Humans are hardwired to learn, it is how we survive in this ever changing world. If we didn’t have the capacity to learn and adapt, we’d struggle to do any of the basic things we take for granted like walking or interacting with people; and yet despite this innate need to evolve and progress, ‘learning’ still gets a bad rap from some people, especially when it comes to work-related training.
The apprentices’ week with the Outward Bound Trust has come to an end and everyone is settling back into their normal working environments once again, but the experiences of last week will likely not be forgotten any time soon.
It’s been a long and intense week, and as it finally draws to a close there are a lot of mixed emotions emerging for both me and the apprentices. It’s a bittersweet ending.
After the exertion of the past two days, it’s fair to say that the group and I were leaning fairly heavily towards not wanting to do much today, with the overwhelming majority stating that a ‘chill’ day would be extremely welcome. Of course, this being the Outwood Bound Trust, that wasn’t on the agenda.
The challenge, should we choose to accept it…..build a bridge across a 20 foot gap over a fast flowing river using only ropes and a few cabiners (the metal clips used in mountaineering).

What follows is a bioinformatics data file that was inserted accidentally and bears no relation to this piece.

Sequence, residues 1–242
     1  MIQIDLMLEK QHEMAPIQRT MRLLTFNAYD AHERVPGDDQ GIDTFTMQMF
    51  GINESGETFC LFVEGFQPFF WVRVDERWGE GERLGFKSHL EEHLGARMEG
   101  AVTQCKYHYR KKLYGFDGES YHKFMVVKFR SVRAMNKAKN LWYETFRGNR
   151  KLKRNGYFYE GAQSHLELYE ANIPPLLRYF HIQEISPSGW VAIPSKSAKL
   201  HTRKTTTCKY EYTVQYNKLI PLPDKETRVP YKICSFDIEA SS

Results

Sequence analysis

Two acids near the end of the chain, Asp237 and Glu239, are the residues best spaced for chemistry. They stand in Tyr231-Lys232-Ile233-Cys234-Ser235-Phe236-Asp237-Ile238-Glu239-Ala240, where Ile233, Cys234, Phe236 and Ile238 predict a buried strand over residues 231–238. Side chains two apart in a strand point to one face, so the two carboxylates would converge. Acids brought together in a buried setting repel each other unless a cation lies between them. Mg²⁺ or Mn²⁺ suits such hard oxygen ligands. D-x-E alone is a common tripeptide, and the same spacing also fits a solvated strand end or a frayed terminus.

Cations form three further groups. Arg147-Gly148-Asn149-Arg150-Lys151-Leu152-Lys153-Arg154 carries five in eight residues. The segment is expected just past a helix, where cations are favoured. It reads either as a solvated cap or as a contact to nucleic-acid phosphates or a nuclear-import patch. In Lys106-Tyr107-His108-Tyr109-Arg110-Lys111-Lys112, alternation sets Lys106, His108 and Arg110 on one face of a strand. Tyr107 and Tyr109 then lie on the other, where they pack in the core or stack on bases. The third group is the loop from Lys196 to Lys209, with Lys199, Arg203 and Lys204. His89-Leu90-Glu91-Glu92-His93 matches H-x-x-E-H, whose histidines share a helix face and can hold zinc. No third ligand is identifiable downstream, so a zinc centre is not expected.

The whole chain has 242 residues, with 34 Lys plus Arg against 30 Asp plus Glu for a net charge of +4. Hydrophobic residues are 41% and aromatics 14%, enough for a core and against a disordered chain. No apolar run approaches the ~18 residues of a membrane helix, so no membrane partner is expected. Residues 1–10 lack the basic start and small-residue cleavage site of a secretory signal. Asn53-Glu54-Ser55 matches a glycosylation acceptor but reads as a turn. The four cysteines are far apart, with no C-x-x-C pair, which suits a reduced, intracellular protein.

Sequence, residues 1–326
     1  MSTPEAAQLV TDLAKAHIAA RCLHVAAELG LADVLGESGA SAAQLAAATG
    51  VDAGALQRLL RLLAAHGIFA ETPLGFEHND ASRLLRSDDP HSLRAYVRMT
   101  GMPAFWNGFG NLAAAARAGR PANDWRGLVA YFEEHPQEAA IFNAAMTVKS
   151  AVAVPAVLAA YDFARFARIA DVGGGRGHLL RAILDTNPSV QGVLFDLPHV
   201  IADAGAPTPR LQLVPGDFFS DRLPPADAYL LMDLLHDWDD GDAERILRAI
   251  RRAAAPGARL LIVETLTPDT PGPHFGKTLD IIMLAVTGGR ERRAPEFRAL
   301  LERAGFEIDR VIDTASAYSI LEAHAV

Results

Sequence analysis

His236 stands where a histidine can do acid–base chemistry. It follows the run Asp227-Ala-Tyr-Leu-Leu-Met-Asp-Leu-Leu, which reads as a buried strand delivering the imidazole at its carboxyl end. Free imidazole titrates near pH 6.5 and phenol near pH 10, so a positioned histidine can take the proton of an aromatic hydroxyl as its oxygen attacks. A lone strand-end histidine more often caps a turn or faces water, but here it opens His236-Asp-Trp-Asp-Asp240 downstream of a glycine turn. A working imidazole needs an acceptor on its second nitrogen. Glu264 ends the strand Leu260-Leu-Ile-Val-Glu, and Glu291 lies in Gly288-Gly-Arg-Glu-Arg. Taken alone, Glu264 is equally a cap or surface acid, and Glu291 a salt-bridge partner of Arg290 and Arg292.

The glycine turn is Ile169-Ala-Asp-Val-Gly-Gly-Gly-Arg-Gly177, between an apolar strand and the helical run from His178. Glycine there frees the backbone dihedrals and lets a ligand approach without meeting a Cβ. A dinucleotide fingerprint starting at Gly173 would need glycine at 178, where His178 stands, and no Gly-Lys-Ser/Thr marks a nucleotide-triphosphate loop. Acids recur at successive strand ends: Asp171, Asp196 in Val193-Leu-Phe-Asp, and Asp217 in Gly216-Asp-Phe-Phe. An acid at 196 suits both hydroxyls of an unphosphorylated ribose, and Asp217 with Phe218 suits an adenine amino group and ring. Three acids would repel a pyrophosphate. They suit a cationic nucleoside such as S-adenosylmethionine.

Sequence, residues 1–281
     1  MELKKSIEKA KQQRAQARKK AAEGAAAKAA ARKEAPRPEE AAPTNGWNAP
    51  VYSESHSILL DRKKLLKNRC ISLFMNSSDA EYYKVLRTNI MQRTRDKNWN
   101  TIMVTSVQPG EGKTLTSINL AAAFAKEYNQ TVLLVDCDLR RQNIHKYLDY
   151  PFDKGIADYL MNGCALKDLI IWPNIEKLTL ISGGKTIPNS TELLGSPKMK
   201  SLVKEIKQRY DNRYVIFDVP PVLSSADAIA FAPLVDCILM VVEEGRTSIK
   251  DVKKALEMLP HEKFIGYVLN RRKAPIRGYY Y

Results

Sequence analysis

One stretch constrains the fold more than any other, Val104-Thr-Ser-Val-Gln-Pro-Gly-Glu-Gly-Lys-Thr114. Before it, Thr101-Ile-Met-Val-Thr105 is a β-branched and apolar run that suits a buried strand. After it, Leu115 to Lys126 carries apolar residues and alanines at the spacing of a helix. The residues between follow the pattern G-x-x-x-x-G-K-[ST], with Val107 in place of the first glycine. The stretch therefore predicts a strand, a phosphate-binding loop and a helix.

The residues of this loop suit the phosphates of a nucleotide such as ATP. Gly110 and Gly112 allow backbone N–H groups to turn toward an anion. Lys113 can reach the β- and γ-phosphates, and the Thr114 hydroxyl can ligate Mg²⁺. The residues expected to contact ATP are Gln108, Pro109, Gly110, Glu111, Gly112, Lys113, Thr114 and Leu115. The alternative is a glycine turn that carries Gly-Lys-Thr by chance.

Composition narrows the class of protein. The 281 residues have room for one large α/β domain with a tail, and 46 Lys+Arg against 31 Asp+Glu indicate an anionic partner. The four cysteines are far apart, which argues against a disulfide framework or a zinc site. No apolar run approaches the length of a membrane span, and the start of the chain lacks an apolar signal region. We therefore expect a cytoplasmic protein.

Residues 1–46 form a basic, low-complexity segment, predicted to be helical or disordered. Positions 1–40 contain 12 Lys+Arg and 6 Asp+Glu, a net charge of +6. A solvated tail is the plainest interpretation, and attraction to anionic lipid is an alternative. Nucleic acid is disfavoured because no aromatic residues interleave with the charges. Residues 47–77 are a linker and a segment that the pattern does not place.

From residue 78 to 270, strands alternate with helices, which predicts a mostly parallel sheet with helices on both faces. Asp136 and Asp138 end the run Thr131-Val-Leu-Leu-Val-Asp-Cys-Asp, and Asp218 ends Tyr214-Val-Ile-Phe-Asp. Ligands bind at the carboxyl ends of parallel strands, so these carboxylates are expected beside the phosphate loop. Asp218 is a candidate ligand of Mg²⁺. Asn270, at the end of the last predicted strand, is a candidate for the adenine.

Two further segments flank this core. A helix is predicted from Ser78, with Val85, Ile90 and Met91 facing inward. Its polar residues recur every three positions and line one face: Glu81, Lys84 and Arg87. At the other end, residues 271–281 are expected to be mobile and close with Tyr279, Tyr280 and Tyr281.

After the relatively relaxed pace of the first day’s activities, there was an air of anxious excitement as the second day kicked off – today was hill climbing day.
It’s been an undeniably long day; both the TLD team and the apprentices have had to travel a long way to get here, some having set out at 7am to arrive in time for the launch of this week’s programme.
My first introduction to TLD was via a muddy obstacle course. Just over three months in and I’m doing it again; this time I’m being packed off to the Lake District to bear witness to the trials of the Thales UK apprentices, and obviously it wouldn’t be cricket if I didn’t get involved as well.
With the tragic passing of L&D expert Jay Cross earlier this month, it feels fitting to pay tribute to one of the great thought leaders in learning arena and explore some of the concepts he helped define.
Do you use social media to learn? Odds are you probably do, even if you don’t realise it. Learnt a fun new fact on Facebook that you revel in telling your colleagues about? That’s using social media to learn, you might not have intended to, but that’s what happened. Sorry.